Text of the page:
The second most important feature of a gilled mushroom is one that you may not think of with most mushrooms: gill attachment. How are the gills attached to the stem, if at all? There are two main categories for gill attachment: free and attached. When we say a mushroom has free gills we mean that the gills never reach over to touch the stem. This is quite noticeable in older mushrooms as there is a small area around the stem where there are no gills. It’s sometimes harder to see in younger mushrooms but still noticeable. The second category, attached gills, is further divided into degrees of attachment: Are the gills just barely attached (adnexed)? Do the gills run straight into the stem (adnate)? Or do the gills run down the stem for a little ways (de-current)? If this weren’t complicated enough, there is one other common possibility where the gills get short like they want to be free, but near the stem are de-current. These are called notched gills.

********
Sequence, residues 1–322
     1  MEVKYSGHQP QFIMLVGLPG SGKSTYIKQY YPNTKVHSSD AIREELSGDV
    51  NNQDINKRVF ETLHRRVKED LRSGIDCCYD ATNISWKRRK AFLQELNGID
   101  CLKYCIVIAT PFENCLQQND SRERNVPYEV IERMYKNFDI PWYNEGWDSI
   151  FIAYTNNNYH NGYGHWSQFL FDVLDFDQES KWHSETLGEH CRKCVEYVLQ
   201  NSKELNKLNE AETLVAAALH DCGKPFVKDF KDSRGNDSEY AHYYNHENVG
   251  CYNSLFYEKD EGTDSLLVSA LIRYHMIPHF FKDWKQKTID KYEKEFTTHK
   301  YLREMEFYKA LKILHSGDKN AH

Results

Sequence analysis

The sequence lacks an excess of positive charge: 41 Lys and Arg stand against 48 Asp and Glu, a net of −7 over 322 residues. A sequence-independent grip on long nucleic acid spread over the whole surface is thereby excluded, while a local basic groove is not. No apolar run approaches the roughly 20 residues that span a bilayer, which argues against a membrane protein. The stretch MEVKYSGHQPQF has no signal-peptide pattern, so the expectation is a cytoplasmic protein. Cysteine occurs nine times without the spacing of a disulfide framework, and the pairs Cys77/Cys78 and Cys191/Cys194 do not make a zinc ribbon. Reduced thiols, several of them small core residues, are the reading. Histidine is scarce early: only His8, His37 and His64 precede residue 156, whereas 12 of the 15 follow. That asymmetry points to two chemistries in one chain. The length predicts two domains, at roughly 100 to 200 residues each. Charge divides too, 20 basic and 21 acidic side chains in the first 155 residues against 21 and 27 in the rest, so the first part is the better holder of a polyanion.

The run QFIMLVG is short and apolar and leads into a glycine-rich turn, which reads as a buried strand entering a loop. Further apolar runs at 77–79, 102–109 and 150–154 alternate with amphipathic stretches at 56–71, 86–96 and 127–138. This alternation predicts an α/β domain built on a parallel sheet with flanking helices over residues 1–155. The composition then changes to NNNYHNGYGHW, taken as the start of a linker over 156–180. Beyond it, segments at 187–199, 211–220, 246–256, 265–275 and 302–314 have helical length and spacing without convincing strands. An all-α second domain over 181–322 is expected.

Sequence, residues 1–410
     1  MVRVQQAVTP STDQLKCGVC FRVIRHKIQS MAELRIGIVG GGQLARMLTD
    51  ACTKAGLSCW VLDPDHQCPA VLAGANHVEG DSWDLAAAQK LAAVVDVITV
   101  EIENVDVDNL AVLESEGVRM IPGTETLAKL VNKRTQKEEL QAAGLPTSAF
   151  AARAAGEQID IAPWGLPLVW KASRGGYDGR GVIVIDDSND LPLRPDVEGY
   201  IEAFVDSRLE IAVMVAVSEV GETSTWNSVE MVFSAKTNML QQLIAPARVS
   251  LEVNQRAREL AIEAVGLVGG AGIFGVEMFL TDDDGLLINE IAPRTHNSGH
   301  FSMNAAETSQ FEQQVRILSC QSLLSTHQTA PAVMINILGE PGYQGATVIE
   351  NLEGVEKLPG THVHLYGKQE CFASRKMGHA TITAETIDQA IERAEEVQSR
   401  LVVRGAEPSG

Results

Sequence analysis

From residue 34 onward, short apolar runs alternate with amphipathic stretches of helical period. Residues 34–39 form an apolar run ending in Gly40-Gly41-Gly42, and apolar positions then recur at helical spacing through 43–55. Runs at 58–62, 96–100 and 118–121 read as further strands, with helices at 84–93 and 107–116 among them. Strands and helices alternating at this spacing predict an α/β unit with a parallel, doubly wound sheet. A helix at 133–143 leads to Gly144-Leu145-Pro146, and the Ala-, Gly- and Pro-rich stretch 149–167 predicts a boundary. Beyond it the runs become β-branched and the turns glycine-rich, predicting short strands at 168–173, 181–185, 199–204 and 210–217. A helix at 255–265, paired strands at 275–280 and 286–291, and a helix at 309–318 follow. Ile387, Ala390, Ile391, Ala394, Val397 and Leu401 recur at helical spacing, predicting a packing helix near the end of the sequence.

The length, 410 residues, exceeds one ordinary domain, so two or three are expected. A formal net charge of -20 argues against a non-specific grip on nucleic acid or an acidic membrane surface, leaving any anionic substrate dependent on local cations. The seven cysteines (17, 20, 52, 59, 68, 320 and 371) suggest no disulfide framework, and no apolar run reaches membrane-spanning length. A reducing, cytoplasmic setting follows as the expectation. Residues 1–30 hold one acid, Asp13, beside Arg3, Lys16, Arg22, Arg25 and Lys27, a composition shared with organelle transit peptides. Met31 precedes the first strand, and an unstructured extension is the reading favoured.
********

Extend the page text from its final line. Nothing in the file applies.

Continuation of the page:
So how do you keep all of these attachments straight? Most people just divide gill attachment into four possibilities:
Free, Attached, Decurrent or Notched (where it’s understood that attached means not de-current and not notched). One rarely needs a finer distinction.